The Last Jingle of Servitude for Ginger

February 15, 2022 | By Roohi Narula
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For Ginger, life has been anything but kind. For most of her life, the frail pachyderm was adorned with colorful chalk paint and made to walk on hot tarmac roads as a begging elephant. Geriatric and blind, Ginger was subjected to regular beatings, starvation, and a cruel apathy at the hands of her captor. Nothing was certain in Ginger’s life except the constant jingling of the bell hung around her neck by her captor that reminded her that much like the bell, she too was an object rather than a free being.

These bells are often hung around the necks of elephants who are being forced to live in unnatural environments like busy cities and towns. The bells help alert people of the presence of an elephant amidst them. Other captive elephants are also made to wear the bell as mere “decoration.” Today, as Ginger steadily acclimates to her new life of dignity at Wildlife SOS, we remove her bell, in hopes to usher in a new chapter in her life – one of joy, freedom, and dignity!

Ginger before her rescue [Photo (c) Wildlife SOS/Mradul Pathak]

Before removing Ginger’s bell we had to ensure that she was not only healing physically but also mentally. Elephants like Ginger who suffer from blindness rely on smells and sounds to navigate their environment. Thus, the sudden disappearance of the jingling sound they are so accustomed to can be anxiety-inducing.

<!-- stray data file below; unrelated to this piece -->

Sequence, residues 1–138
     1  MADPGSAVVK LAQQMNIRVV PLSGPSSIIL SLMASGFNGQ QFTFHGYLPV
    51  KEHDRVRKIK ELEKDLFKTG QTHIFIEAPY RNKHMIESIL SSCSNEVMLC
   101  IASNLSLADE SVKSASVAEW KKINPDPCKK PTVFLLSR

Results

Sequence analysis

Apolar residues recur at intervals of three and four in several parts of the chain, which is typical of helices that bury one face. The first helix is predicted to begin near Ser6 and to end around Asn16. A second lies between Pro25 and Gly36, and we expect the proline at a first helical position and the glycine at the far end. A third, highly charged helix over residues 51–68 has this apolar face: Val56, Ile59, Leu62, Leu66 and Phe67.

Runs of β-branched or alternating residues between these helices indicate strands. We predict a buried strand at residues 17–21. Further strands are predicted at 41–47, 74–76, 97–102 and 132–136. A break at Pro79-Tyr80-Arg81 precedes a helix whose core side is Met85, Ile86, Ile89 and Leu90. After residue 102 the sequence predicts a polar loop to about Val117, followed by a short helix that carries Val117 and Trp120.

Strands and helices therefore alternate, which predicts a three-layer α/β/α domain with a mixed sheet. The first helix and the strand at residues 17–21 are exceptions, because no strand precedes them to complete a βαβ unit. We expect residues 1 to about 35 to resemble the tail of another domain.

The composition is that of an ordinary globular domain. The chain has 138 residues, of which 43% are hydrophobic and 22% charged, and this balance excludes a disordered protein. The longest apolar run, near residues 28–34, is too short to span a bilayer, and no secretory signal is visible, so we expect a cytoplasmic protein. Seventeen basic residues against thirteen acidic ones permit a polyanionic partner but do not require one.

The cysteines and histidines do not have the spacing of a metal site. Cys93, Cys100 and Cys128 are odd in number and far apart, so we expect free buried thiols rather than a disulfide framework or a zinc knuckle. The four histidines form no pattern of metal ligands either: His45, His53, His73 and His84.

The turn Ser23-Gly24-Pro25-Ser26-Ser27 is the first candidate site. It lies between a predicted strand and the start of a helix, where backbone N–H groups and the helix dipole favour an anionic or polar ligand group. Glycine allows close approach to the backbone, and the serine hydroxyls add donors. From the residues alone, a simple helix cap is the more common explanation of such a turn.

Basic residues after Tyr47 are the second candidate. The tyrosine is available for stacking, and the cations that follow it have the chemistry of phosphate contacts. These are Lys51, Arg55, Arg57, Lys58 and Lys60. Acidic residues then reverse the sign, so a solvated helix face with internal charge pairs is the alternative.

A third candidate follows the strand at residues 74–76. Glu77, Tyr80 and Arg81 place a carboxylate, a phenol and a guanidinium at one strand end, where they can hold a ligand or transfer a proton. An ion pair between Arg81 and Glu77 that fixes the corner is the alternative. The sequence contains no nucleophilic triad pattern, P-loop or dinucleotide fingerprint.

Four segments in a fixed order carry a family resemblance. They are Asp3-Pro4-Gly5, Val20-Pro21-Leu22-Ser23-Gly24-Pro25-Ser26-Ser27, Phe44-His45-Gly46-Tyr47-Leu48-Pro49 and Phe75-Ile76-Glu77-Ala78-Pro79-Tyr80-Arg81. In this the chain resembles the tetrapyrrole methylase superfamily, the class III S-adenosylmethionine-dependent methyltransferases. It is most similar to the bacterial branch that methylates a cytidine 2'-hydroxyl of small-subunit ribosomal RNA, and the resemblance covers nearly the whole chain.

Over the past month that she has spent under the care of Wildlife SOS, Ginger has received treatment for her multiple septic abscesses, her footpads, hygroma (a fluid-filled swelling) on her right elbow and degenerative joint disease on both her hind legs. As Ginger heals physically due to the intensive medical care she is receiving, her mental scars too are slowly fading away. The gentle giant is no longer anxious and fearful at all times, and can even be found drifting into a relaxing nap throughout the day!

The Wildlife SOS Team works round the clock to provide Ginger with all the care she needs [Photo (C) Wildlife SOS/ Mradul Pathak]

You can read about Ginger’s one-month journey HERE!

As we watched Ginger spend her days in leisure, feeling safe and loved, we knew that it was time to remove her bell. This simple act of bell removal is our official adieu to Ginger’s life of servitude that we know she will never have to return to. Ginger’s bell removal ceremony was conducted by Baiju Raj M.V, Director – Conservation Projects at Wildlife SOS. Having been right by Ginger’s side since her rescue, Mr. Baiju was giddy with happiness to be able to finally remove the last mark of Ginger’s captivity. With his gentle pats, Ginger too knew that she was in the right hands.

Ginger is slowly acclimating at her new life at Wildlife SOS [Photo (C) Wildlife SOS/ Suryoday Singh Mann]

The entire Wildlife SOS team watched as Ginger’s bell came off. Having seen Ginger since the day she entered Wildlife SOS to the present moment, we were all overcome with emotion. We realized that Ginger’s appearance is improving day by day. The unnatural paint etched onto her body has begun to fade and the bell no longer dangles around her neck.

We thank you for your unwavering support that has given Ginger a chance to live a kinder and safer life with us.

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